Mark A. Smith is professor of Political Science and an adjunct professor of Comparative Religion and Communication at the University of Washington. His research focuses on economic and religious groups, ideas, and influences in American politics. In his new book, Secular Faith: How Culture Has Trumped Religion in American Politics, Dr. Smith argues that religion is not nearly the unchanging conservative influence in American politics that we have come to think it is and is best understood as responding to changing political and cultural values rather than shaping them.
Where is religion in the 2012 election? At NPR, I, along with Dr. David Gushee, a PRRI Board member, and Dr. Mark Rozell, a PRRI Affiliated Scholar, offer some insight into why religion has disappeared as a central theme of both candidates’ campaigns.
Mitt Romney currently needs to appeal to voters in the middle, which requires less overtly religious language than earlier in the campaign, when Romney was courting evangelical voters in an attempt to win the nomination. As I pointed out, religious language hasn’t always helped Romney, who allied himself with the Catholic bishops in their struggle against the contraception mandate. This doesn’t appear to have swung Catholics toward Romney – in fact, the opposite is true. According to NPR reporter Barbara Bradley Hagerty:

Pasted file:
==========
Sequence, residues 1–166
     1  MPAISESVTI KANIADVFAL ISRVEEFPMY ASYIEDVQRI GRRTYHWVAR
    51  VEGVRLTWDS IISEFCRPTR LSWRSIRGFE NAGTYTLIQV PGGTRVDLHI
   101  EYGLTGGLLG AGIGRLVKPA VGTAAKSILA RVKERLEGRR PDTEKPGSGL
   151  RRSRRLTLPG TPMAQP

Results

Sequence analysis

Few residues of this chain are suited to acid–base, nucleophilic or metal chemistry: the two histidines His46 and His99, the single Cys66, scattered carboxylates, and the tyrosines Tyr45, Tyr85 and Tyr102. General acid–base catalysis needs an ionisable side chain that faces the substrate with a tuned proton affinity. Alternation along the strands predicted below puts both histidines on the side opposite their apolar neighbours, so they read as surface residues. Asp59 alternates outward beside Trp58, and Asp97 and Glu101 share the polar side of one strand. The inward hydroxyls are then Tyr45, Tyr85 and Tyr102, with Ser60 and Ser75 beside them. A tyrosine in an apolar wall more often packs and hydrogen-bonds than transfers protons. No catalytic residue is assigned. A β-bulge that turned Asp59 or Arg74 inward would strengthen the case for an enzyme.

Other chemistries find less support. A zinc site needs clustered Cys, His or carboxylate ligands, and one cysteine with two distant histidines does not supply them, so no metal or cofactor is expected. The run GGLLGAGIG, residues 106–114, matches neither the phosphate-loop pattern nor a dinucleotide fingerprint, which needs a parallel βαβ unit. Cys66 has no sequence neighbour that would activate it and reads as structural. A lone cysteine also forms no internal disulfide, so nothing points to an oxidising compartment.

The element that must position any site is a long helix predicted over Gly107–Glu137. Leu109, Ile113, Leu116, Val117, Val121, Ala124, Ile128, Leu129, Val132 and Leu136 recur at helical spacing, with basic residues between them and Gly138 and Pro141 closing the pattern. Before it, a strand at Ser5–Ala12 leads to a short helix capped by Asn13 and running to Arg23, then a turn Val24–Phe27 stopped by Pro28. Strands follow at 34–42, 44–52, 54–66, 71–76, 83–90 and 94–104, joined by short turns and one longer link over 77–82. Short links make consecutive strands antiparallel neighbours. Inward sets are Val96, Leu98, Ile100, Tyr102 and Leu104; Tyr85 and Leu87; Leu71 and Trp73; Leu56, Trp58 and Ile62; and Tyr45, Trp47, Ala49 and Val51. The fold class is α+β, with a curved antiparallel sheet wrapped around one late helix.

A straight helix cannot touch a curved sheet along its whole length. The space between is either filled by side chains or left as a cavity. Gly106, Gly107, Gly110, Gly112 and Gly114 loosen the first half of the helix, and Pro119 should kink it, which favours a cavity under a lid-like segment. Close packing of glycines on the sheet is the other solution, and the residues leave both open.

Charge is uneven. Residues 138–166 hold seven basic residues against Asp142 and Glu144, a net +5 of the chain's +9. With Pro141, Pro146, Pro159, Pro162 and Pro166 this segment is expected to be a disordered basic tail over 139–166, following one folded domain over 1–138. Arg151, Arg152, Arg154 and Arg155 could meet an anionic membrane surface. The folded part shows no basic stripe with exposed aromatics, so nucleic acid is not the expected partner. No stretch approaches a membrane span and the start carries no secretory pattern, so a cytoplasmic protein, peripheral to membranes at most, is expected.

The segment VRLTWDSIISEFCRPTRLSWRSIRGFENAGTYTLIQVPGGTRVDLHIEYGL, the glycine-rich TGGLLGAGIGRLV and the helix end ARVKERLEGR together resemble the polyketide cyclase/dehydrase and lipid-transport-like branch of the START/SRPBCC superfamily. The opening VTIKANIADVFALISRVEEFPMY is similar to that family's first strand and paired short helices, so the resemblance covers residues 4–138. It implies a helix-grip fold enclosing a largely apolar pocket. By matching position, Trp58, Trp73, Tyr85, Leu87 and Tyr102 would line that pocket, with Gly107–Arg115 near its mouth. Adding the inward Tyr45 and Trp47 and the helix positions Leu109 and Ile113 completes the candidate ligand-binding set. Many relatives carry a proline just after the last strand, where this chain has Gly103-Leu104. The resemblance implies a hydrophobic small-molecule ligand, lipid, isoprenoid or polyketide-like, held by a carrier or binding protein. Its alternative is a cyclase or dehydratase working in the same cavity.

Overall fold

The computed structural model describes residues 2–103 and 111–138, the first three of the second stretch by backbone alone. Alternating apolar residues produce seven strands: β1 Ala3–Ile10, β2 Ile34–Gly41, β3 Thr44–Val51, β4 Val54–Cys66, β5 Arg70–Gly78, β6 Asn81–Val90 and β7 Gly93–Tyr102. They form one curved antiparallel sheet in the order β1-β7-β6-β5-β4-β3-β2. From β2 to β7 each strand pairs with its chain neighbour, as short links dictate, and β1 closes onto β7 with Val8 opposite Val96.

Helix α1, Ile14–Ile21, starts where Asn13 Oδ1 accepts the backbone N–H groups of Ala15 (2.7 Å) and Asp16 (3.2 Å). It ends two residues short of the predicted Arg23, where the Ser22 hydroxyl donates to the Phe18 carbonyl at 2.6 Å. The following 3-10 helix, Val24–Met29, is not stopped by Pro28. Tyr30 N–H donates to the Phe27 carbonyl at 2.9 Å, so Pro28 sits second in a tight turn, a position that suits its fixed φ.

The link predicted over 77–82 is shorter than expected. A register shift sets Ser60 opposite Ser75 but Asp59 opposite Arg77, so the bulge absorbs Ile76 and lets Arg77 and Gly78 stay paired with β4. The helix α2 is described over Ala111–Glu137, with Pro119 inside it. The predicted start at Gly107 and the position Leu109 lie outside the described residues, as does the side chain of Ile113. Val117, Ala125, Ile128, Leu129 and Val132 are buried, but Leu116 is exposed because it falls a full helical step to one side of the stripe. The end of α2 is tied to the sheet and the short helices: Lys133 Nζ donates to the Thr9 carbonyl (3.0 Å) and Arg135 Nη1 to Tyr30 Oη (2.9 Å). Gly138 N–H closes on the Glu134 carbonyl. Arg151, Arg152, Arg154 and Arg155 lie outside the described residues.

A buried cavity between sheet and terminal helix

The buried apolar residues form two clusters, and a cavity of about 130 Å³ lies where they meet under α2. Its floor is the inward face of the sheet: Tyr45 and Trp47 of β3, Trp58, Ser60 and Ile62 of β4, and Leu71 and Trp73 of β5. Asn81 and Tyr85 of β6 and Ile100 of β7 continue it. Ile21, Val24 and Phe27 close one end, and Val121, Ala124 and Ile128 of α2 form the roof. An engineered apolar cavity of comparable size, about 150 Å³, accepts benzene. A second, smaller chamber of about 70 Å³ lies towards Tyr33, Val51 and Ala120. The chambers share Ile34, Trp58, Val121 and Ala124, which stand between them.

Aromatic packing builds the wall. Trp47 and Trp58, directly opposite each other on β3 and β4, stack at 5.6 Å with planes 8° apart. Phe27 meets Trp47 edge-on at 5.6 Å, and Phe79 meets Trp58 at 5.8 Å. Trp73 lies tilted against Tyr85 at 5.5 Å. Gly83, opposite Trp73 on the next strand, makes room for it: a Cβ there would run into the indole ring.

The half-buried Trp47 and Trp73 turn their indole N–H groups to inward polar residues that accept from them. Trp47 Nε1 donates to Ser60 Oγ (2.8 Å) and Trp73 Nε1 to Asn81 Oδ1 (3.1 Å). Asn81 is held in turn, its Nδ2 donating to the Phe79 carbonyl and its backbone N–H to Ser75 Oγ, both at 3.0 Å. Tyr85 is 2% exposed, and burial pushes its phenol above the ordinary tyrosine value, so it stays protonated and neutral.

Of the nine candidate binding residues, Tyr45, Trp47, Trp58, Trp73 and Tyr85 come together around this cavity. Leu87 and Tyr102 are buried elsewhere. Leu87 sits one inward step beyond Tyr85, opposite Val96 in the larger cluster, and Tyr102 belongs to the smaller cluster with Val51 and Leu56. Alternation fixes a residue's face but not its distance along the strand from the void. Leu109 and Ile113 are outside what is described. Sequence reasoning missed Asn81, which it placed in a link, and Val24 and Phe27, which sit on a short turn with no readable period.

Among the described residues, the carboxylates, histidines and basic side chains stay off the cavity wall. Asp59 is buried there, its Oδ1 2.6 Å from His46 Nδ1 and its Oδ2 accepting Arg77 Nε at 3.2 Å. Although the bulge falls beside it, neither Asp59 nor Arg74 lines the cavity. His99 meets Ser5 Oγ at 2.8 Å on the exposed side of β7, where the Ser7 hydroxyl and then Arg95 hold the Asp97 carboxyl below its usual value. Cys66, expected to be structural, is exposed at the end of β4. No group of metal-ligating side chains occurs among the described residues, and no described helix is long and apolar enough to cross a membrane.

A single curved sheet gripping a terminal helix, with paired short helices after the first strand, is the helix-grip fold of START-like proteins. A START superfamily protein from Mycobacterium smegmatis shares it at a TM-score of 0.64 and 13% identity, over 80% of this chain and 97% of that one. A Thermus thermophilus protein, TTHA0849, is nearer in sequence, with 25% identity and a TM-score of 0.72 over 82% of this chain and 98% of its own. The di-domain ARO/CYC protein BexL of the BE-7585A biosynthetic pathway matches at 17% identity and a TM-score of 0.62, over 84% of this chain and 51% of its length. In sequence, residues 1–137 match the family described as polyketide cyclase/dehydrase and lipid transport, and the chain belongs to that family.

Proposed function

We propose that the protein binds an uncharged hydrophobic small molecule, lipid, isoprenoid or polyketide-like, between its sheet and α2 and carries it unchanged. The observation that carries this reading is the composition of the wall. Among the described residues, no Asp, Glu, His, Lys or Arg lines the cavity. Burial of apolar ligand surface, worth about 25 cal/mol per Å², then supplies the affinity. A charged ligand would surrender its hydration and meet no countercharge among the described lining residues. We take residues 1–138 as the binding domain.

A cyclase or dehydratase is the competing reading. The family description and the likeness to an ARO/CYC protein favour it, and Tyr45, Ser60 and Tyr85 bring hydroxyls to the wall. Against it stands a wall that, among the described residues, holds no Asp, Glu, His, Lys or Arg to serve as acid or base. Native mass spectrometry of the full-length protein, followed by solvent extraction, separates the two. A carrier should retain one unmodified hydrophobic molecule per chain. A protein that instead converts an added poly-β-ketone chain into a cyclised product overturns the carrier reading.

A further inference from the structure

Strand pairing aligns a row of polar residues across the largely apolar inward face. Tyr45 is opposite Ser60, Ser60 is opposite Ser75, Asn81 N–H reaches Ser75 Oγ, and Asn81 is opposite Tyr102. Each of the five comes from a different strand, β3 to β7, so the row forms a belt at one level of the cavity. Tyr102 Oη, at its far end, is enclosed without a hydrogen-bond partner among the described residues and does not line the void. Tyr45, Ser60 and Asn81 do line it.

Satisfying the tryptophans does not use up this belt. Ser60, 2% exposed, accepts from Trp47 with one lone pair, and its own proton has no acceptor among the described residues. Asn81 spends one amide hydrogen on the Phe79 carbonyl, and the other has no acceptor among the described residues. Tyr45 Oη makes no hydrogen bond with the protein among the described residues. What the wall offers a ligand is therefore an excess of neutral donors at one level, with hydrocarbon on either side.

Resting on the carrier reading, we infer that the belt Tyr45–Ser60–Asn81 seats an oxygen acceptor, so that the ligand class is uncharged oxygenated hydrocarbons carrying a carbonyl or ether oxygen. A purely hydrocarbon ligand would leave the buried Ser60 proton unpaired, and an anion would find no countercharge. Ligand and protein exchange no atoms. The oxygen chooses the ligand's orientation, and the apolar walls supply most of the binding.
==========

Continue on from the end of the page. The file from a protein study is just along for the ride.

Jones’ polls show that Romney has seen his 20-point lead among white Catholics — critical swing voters — completely disappear. There are a lot of explanations for that — primarily, that voters are focused on the economy above faith. But Jones and others say the effect is that 2012 election is more like the days before George W. Bush — when candidates wore religion lightly, not on their sleeves.
To listen to the full segment, click here.